Next: Millennials aren’t sticking around long at their jobs.
8. Corporate loyalty
Receiving the symbolic gold watch for decades of service at a single company is not going to happen for most millennials, according to Boston.com. At least one in four millennials would leave their job for something better and only 16% would probably be with the same company in the next 10 years.
What makes millennials leave their job? Many point to underutilized leadership skills but even millennials in management roles would jump ship for a better opportunity.
Next: They still workout but on their own terms.
9. Traditional gyms
That gym membership collecting dust is the latest trend among millennials, as most are migrating to places like Soul Cycle or even working out using online streaming services, The New York Post reports. In the past, the standard neighborhood gym ruled, but today, millennials want a more customized workout experience.
Next: Who knew cereal would be so hated?
Although cereal was cited as being the most shunned breakfast food for millennials, breakfast in general seems to have fallen by the wayside, GQ reports. More people are rushing to get to work in the morning and breakfast is a casualty of business.
“It all ties back to being too busy to have a sit-down breakfast at home, and that’s impacting product development across the board,” Amanda Topper, senior food analyst at Mintel said to GQ.
Next: Dinner dates are a thing of the past.
11. Traditional dating
Meeting your future betrothed is more likely to happen online because millennials simply don’t have time or interest to invest in a dinner date, MarketWatch reports. Online dating seems to be the preferred method to find that special someone for millennials, which allows for a maximum number of dates in a relatively short amount of time.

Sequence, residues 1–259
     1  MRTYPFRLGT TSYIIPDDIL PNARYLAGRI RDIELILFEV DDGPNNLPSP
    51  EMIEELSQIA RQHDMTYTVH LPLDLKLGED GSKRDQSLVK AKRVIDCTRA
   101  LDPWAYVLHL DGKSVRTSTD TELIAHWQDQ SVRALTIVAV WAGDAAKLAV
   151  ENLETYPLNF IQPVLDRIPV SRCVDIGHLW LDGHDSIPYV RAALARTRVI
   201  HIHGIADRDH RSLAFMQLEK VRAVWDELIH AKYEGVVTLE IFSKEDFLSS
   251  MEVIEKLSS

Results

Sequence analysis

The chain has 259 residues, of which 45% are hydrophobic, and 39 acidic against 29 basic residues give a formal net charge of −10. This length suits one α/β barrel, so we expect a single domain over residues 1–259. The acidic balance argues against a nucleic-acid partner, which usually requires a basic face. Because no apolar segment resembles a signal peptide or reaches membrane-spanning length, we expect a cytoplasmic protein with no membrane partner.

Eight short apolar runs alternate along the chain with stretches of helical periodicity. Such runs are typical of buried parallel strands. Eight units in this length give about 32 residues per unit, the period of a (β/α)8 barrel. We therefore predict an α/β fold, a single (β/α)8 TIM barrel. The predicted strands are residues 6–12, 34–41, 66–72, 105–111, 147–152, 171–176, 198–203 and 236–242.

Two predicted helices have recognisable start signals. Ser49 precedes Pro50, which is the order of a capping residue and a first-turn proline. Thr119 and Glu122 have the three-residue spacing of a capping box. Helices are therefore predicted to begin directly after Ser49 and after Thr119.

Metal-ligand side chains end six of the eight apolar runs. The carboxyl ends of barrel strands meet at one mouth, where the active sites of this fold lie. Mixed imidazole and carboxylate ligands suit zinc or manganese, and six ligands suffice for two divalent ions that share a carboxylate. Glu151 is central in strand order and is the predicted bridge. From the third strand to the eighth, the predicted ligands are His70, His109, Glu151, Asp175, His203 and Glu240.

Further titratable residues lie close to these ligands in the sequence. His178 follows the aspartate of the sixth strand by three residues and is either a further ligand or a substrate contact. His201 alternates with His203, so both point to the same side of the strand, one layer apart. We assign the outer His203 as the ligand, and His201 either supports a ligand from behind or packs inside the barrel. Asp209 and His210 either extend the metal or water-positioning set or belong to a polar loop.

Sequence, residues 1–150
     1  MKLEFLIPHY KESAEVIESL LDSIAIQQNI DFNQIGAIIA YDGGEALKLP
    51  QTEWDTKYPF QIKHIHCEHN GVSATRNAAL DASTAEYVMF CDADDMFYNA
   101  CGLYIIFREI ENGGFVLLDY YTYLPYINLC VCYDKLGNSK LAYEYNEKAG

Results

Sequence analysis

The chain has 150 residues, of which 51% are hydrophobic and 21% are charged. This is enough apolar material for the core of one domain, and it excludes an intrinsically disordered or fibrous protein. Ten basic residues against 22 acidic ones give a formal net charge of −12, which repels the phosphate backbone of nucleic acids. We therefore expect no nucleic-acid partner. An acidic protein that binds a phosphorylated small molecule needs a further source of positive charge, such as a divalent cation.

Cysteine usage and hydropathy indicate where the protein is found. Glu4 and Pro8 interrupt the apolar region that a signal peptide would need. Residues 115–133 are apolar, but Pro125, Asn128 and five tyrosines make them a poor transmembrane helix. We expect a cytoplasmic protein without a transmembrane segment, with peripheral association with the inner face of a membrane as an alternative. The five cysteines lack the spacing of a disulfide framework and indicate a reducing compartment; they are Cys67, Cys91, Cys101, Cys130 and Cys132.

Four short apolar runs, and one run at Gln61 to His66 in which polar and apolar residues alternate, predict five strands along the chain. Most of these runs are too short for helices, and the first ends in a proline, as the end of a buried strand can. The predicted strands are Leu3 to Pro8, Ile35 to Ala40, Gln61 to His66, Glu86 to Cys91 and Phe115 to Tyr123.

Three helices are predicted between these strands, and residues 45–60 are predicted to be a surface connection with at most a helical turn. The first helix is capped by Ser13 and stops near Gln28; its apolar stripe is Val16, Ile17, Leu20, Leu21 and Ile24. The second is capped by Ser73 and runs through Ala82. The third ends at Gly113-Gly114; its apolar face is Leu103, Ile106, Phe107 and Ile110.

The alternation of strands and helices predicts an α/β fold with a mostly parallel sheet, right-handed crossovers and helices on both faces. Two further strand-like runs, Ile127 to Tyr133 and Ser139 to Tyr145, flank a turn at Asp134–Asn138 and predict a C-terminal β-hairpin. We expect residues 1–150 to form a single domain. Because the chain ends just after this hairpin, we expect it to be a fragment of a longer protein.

Next: When you take Netflix and chill literally.
12. Hanging out in person
Many millennials would rather ride the couch and stream something on television instead of getting dressed and going out, Vice reports. Beyond being a pretty frugal generation, its easier to communicate and socialize online. In fact, quite a few do it sober as a 2016 Heineken survey found 75% drink in moderation.
Next: Being a homeowner.
13. Owning a home
Home ownership is harder to achieve for millennials as another American dream is dashed, CNBC reports. The main reason for the lack of home ownership is affordability with only 39% of millennials able to meet the standard 20% down payment requirement, according to Zillow.
Next: Television viewing is down for millennials.
Who needs Comcast or Direct TV when you can stream a million authentic shows directly to your laptop or television? In fact, millennials watch less television than older generations, spending about 27 hours less in front of the tube than those age 50 and older, according to The Motley Fool.
While millennials like their gaming systems, they use their phones less than 35 to 49-year-olds and use devices less than other age groups.
Next: They’d rather snack than commit to a full lunch.
The days of the business lunch may be going by the wayside as millennials prefer snacking over doing lunch, according to Metro. Some reports point to a drop in lunchtime diners and some experts contend snacks will overtake meals by 2024.